In the 1450s Johannes Gutenberg created the printing press, and for the first time in the history of humanity made the printed word available “at scale.”

    Just think of how reading, and the printed word, has changed your life.

    In 1990 Tim Berners-Lee created the web and made it possible to share the printed word with unfathomable ease.

    Just think of how coding, and being able to build web apps, will change your life.

    The dawning of the digital age means that tech is for EVERYONE and everyone should have a hand in making it.

    Learning tech skills is amazing, and powerful, and I want to help make it a reality for you. If you have any questions about whether you should learn to code or how you should do it, I am here to answer them.

    Email me at, I promise to respond within 24 hours. Scouts honor.

  • When Apple Became Microsoft, and Other Business Tragedies
    Steve Jobs was a hologram — you could see in him whatever you wanted to see. Visionary, mean boss, bully, genius of the century — all were true.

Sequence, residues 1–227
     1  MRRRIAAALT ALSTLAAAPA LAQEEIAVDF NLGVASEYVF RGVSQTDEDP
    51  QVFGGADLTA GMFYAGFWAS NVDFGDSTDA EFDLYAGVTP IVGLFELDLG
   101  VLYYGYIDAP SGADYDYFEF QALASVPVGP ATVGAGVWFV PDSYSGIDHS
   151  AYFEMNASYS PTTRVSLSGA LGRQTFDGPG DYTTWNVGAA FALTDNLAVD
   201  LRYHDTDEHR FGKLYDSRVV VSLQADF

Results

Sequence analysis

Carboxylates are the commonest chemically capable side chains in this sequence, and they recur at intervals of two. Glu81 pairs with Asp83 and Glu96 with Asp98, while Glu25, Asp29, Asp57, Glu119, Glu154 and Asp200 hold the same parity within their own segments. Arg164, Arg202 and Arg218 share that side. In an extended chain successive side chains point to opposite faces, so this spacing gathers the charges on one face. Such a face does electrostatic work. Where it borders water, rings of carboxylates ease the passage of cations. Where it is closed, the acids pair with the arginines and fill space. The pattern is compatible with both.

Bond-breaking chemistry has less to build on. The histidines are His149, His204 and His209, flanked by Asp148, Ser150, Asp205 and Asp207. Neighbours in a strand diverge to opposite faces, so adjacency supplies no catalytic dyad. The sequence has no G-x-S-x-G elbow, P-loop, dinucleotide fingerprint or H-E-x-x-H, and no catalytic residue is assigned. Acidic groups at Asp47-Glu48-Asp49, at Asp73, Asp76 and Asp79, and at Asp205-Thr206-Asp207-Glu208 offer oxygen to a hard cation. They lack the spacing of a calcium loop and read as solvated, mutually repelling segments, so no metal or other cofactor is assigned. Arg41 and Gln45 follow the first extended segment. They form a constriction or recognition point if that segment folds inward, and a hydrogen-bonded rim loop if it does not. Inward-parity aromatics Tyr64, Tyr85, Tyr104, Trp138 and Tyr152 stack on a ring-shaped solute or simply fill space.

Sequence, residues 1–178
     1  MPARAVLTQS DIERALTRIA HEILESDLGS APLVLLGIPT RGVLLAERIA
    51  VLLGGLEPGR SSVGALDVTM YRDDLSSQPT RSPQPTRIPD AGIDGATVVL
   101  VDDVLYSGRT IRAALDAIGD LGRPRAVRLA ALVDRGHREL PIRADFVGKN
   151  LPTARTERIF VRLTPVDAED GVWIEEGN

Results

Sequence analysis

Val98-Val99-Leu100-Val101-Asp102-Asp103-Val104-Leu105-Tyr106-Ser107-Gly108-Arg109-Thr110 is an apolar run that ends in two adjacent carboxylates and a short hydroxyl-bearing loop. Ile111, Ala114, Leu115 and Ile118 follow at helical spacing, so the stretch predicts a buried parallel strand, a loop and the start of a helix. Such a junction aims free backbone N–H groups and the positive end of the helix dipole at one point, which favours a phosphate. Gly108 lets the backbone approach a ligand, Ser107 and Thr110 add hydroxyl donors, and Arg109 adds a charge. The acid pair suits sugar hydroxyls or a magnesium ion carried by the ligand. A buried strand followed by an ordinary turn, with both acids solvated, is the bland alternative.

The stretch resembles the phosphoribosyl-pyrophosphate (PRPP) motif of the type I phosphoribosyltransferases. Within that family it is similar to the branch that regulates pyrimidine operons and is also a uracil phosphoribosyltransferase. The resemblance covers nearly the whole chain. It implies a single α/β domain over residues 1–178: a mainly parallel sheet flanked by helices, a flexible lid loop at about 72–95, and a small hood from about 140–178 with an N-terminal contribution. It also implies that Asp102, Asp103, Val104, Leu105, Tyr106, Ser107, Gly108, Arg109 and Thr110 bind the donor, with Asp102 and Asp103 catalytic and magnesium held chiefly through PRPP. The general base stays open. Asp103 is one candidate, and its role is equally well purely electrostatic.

The sad thing is that his company, just a year after his passing, has surrendered what made it special.

    The core difference between Apple and its competitors, especially Microsoft, wasn’t innovation, sleek design, or savvy marketing and sales, as critical as each of those elements are to Apple’s success. The real differences: Apple’s insistence that no product go out the door until it is absolutely perfect.

    This was the biggest point of difference between Steve Jobs’ Apple on the one hand and Bill Gates’ Microsoft and all of the other technology companies on the other.

    Microsoft viewed and views the world as a bunch of unpaid beta testers. Its attitude is this: We’re going to unleash a new piece of software, operating program, hardware device, or whatever. It’s going to be buggy. It’s going to be a mess. You’ll get back to us, and you’ll tell us where the problems are.

    And you’ll pay us for the privilege to do so.

    That’s Microsoft’s model, and as the 700-pound gorilla, or 7,000-pound gorilla, or 7 million-pound gorilla, it could get away with it.